This blog post is a follow-up to a previous RRPedia Guest Blog where Dean listed several differences between the work practices taught in the required Certified Renovator class and what he found is actually required in the RRP rule.

 

Making RRP Easier - New Understandings About RRP Work Practices

RRP ideas

 

 

Back in April 2010, I had an exterior remodeling job that was put on hold for a day because of heavy rains.  In my boredom, I decided to read the actual RRP law from start to finish.  I soon discovered that what I was taught in my 8 hour class and what was in the student manual wasn’t necessarily in the actual law itself.     

 

I was probably dozing off in the 8 hour renovator class, but after these discoveries, I began to clarify some new understandings.

  • On exterior containment set-ups, all I really needed to do was put plastic on the ground, be sure windows & doors were closed, cover any doors within 20 feet with plastic and put out a warning sign.  If there are no doors and/or windows within 20 feet, simply put plastic on the ground and a warning sign up.  Nothing else needed.
  • On interior containment set-ups, I just needed to do the same as the exterior (except 6 feet out from where I was working).  If there were no furniture/objects or ducts within the 6 foot area … I didn’t have to go any further.  Be sure to tape down the plastic on the floor.

Of course, if I was doing some really dusty work, I made the containment (work area) larger, but other than that, it was pretty quick, easy and simple if you were to ask me.

 

Following are some examples of how reading the actual law has helped me.

Siding Replacement

RRP Vertical containmentIn this example, I would place 3.5 mil plastic (from Home Depot), instead of the 6 mil plastic 10 feet out on the ground.  Then, I would make sure doors/windows were closed, put plastic over any doors and then put up the warning sign.  I would also run a plastic runner out to the dumpster and surround the ground around the dumpster with plastic.  Doing the containment this way, saves me from having to wrap, bag or HEPA vac the siding (or myself).  This is because I can dump the siding without ever going outside the containment area.

If exterior vertical containment is needed a simple solution (pictured to right) can be done.

Replacing Door Slabs

If my job is to replace 15 door slabs, I simply do this without following RRP.  This is because the only area I am disturbing on each door is the hinge area and since it falls under the Minor Repair and Maintenance Activities, RRP is not required.  This insight came from the FAQ section of the EPA web site.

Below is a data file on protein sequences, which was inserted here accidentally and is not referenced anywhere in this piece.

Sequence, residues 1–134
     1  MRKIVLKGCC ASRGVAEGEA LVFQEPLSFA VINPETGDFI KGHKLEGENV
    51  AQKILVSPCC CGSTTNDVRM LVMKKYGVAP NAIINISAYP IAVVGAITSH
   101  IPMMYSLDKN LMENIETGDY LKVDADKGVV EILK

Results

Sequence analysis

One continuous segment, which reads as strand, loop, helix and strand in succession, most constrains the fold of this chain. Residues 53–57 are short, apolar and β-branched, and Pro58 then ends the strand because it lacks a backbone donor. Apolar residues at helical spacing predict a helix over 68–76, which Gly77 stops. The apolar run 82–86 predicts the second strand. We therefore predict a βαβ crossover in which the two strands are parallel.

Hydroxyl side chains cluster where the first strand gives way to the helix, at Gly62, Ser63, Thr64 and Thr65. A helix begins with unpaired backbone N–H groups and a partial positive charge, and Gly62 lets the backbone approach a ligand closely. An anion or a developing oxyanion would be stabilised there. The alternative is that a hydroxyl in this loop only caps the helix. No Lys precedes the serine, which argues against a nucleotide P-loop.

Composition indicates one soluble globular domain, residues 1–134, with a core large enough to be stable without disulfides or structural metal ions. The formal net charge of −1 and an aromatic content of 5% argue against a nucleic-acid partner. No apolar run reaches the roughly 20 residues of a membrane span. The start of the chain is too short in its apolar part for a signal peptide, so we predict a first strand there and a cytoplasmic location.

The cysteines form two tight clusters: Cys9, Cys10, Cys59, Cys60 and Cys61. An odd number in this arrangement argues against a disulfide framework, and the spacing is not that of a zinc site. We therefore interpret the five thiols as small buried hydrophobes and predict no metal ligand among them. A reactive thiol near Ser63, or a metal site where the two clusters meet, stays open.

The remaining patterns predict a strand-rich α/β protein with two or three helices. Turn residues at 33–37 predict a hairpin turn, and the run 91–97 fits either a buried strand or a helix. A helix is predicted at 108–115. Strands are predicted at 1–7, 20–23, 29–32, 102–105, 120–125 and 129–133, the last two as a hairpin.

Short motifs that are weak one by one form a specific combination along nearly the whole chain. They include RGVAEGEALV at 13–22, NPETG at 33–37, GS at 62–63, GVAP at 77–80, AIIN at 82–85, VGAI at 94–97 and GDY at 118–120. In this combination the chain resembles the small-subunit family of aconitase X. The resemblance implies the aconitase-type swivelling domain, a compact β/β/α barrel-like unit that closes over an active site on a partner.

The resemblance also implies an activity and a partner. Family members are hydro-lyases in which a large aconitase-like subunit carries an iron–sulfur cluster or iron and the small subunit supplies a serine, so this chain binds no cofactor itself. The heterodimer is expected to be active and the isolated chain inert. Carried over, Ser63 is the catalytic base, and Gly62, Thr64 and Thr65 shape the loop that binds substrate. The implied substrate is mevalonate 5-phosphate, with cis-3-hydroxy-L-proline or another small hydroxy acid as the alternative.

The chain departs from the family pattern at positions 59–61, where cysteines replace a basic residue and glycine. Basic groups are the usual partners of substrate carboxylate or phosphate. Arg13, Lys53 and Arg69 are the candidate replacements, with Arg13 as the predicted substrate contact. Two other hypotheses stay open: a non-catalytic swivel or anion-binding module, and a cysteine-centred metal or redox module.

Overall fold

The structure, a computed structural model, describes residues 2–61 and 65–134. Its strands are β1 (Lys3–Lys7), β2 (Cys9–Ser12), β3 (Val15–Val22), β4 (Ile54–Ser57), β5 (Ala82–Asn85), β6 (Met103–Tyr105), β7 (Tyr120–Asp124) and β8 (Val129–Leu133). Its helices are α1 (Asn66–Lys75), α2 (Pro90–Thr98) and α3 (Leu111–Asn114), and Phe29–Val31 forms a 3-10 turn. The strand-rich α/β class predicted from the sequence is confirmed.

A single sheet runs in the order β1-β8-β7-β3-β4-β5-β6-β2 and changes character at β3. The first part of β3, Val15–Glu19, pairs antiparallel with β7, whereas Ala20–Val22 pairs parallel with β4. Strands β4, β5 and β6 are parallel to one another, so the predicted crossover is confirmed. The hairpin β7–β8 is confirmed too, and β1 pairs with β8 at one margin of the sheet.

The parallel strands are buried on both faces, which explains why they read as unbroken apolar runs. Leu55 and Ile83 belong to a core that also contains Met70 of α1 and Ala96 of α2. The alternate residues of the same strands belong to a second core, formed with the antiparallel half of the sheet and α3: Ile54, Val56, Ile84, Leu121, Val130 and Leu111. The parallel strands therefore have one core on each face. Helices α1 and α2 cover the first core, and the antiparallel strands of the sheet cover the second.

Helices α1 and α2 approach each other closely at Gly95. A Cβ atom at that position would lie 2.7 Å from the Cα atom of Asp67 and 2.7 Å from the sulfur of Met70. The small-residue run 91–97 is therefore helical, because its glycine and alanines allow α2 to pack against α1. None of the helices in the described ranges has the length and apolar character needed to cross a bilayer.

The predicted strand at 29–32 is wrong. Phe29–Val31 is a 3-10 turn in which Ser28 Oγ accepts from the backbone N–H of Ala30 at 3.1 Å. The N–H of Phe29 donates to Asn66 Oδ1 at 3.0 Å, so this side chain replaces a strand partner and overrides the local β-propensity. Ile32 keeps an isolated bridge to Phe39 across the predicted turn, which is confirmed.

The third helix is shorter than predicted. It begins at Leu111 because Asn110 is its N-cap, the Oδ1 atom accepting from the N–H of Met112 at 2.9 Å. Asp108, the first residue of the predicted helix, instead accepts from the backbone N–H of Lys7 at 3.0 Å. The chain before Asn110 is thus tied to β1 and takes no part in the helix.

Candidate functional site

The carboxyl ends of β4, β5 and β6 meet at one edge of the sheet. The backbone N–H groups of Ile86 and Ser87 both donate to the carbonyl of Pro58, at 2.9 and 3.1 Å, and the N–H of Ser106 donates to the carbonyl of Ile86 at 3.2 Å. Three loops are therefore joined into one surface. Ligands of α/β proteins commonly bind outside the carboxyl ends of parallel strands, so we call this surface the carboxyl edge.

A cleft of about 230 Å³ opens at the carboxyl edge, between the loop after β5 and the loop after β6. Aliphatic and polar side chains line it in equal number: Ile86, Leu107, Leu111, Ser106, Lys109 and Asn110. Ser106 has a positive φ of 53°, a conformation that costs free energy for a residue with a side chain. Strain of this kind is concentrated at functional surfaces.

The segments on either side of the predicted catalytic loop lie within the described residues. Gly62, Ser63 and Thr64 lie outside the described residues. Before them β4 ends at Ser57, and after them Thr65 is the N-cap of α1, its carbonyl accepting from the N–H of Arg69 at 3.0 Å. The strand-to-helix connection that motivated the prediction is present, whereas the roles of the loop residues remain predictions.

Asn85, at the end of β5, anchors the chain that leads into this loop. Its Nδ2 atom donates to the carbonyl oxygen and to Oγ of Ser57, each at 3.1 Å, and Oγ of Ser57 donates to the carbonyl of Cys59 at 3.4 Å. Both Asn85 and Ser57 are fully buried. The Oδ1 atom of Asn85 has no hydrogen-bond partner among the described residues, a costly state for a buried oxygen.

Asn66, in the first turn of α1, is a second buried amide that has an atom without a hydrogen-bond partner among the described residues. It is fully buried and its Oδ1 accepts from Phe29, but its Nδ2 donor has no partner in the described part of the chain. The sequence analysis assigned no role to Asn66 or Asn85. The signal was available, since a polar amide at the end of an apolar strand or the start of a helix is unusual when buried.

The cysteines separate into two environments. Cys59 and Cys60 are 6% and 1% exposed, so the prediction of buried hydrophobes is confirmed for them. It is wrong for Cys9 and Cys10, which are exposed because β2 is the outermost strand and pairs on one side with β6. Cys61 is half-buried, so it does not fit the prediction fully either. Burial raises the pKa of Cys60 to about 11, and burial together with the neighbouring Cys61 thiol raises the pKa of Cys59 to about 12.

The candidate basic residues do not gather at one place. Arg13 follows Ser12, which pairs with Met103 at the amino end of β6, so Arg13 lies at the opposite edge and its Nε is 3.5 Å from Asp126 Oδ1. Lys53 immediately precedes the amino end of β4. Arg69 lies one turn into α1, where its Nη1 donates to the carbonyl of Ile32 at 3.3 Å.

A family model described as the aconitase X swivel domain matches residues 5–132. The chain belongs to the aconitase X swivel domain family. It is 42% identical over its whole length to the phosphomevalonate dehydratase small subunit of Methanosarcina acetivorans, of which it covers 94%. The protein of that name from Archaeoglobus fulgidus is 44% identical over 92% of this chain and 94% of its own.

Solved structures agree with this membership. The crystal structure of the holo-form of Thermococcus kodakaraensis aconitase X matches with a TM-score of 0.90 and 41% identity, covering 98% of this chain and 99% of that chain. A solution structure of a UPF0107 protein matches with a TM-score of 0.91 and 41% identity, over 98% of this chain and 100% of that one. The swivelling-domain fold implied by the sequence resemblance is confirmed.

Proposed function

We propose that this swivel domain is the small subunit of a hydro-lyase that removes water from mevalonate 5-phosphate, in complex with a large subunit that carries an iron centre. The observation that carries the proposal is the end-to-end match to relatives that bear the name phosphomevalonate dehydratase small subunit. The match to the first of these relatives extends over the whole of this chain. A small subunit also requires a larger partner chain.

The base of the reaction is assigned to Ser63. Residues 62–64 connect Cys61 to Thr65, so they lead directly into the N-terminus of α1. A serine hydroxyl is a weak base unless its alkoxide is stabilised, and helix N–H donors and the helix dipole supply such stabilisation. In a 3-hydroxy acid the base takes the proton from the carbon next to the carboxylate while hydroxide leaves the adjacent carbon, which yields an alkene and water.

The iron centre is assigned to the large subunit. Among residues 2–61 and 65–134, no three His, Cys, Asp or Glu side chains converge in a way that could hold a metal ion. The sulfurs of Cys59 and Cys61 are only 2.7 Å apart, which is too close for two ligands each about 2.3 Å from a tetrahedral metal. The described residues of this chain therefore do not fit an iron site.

Bathroom Remodel (Total Gut)

RRP Work Area Containment for a BathroomI can demo the tile, tub, shower, toilet and remove the demolition debris without doing any RRP.  After that has been done, I cover up ducts with plastic,  make sure windows are closed, close doors and cover with plastic, put up a warning sign and then cover the subfloor with plastic (6 feet out from where I will be working). 

I put the demoed walls, cabinets and trim into trash cans (with lids on top) and HEPA vac the outside of the trash cans (along with myself) before taking them out of the containment area.

Note:  If I’m lucky and there is an exit door (to the outside) close by … I could run plastic to the door, then outside to the dumpster.  This way, I wouldn’t need to worry about containing the demolition debris.

Normally, I do the final clean-up, visual inspection and cleaning verification after demolition; so that I can officially end RRP and let non-certified electricians/plumbers/sub-contractors into the work area.

 

Conclusion

Selling RRPIt very well could be that if you did a little homework by reading the actual law, you could reduce the cost of compliance on many jobs to less than 5%.  Few contractors will lose a job because they are higher by less than 5%.  Plus, with the cost less than 5%, I don’t even mention RRP to my clients during the estimation process anymore, which has helped to improve sales. 

 

Topics: Production Considerations, EPA RRP for Dummies, Containment Considerations, Subcontractor Considerations, Sales Considerations, Compliance Options, Work Practices, Opinions from Renovators, Guest Blogs

Guest Blog: RRP Opt-Out, Don’t Hold Your Breath...

Posted by Shawn McCadden on Sun, Mar 18, 2012 @ 05:00 AM

Guest Blog: RRP Opt-Out, Don’t Hold Your Breath...

Dean Lovvorn, RRP Trainer, lead inspector

 

 

 

BIO:  Dean Lovvorn is a residential remodeler who has done numerous RRP projects.  He is also a Lead Inspector, Lead Risk Assessor and EPA RRP Renovator Instructor.

 

RRP Opt-Out, Don’t Hold Your Breath...

There has been a lot of chatter about the recent Lead Reduction Amendments Act of 2012, where the Senate bill proposes to return the Opt-Out to the Renovation, Repair and Painting (RRP) Rule.  You can find this topic on most every contractor message board.  The bill was introduced by Senator Inhofe (R-OK) and is co-sponsored by several other republicans.  NARI, NAHB, and many other contractor organizations have praised the efforts of Senator Inhofe.

The big question, is should contractors get their hopes up?

The Probabilities

Senator Inhofe RRP AmendmentThe first thing you should consider is that all bills introduced must first go to committee.  The second thing you should realize is that the vast majority of bills introduced … will never get out of committee review and thus, will never get a chance to be voted on.  Thirdly, even if the bill gets voted on, it must be approved by the majority of Senators (in this bill’s case).  Lastly, even if passed by the Senate; the House & President must approve.